Ellen McIlwaine: Fiery guitarist and singer who refused to play by the rules

As well as fronting a woman-led rock band, a rare thing in the Sixties, the musician refused to be second best to her male counterparts

Harrison Smith
Friday 02 July 2021 00:00 BST
McIlwaine was best known as a masterful guitarist who danced between frets and used unconventional tunings
McIlwaine was best known as a masterful guitarist who danced between frets and used unconventional tunings (Fairfax Media/Getty)

Ellen McIlwaine, a fiery slide-guitarist and singer who came to prominence in the late 1960s, has died aged 75. She performed with Jimi Hendrix in Greenwich Village and formed what was then a rare thing – a woman-led rock band – only to strike out on her own after she realised her bandmates “expected me to do the laundry after we finished onstage”.

Raised in Japan by American missionaries, McIlwaine grew up listening to Japanese folk and classical music, as well as the New Orleans soul and blues she heard on the radio. “If you know Ray Charles, you can tell where I got everything I know,” she once told The Washington Post. “It’s a little hard to see because I’m a different colour and a different sex.”

McIlwaine played the harmonica, accompanied herself on the piano, and sang her own songs with a voice that was both delicate and booming, echoing through the Gaslight Cafe and Cafe Au Go Go in Greenwich Village. But she was perhaps best known as a masterful guitarist who danced between frets and used unconventional tunings, inspired by blues musician Johnny Winter and her own exposure to Japanese music.

“She is completely original and totally alluring,” music journalist Rob Bowman wrote in a 1972 article for Beetle magazine. “She is far and away one of the best female guitarists in rock and she is definitely one of the best slide guitarists of either sex.” Interviewing McIlwaine in 2018 for Guitar Player magazine, Canadian blues guitarist Sue Foley said: “Ellen was one of the first females to play a really strident, aggressive style of slide, with no holds barred and totally in your face.”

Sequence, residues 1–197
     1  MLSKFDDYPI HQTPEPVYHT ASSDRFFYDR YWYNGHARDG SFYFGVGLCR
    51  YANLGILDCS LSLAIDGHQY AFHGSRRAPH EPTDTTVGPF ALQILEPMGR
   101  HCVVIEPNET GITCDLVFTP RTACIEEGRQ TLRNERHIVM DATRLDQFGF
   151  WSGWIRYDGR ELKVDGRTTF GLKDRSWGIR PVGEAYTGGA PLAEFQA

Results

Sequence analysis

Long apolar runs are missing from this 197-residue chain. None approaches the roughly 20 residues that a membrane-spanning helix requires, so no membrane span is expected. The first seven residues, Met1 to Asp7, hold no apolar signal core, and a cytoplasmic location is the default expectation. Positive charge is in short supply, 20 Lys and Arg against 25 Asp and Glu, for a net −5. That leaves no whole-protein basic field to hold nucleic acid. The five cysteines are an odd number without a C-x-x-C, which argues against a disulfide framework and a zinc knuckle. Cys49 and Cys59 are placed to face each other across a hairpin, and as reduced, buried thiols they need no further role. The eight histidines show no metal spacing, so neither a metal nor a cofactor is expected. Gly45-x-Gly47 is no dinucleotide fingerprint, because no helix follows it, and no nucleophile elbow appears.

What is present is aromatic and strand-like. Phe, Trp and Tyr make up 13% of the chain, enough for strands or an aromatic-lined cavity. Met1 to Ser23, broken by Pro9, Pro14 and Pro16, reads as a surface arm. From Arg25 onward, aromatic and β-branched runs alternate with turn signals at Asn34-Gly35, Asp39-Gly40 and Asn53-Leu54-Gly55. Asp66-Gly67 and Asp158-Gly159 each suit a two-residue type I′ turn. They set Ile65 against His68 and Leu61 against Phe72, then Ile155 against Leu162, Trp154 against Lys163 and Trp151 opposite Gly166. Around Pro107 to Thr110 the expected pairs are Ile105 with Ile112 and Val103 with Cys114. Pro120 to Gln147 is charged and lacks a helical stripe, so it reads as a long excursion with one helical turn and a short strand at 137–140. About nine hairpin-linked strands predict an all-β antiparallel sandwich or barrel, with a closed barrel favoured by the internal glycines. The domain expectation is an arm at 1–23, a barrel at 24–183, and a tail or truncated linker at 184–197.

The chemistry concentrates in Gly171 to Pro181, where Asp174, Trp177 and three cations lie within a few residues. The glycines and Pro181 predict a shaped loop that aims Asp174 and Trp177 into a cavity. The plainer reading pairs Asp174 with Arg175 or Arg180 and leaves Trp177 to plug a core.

McIlwaine toured with Winter and with blues musician Taj Mahal, recorded with former Cream bassist Jack Bruce, and befriended Hendrix in the late 1960s, when he was an up-and-coming guitarist performing with John Hammond. “We all called him ‘Dylan Black’ because of his hair,” she told Hendrix’s biographer Charles Cross. “Once you saw him, you didn’t forget him. It was like he was hot-combing it; it looked exactly like [Bob] Dylan’s.”

After honing her blues-based style in New York clubs, McIlwaine formed the band Fear Itself, which released its self-titled debut album in 1969. The record included a few songs written by McIlwaine, as well as her psychedelic arrangement of the gospel standard “In My Time of Dying”. But after about two years on the road, the band broke up, with McIlwaine saying that she was tired of being treated like a second-class musician.

“The guys all had their girlfriends along, and I was relegated to being one of the girlfriends until we got onstage,” she told the Raleigh News and Observer.

Resuming her solo career, she recorded two well-received albums for Polydor and appeared as the only female guitarist on the label’s 1974 compilation The Guitar Album, alongside musicians including Eric Clapton, John McLaughlin, T-Bone Walker and Roy Buchanan. She incorporated funk, reggae, country and jazz into her records, putting her own spin on songs such as Stevie Wonder’s “Higher Ground” – her cover was later sampled by Fatboy Slim – and Steve Winwood’s “Can’t Find My Way Home”.

McIlwaine performing at a 1987 album release party in Toronto
McIlwaine performing at a 1987 album release party in Toronto (Connie Kuhns)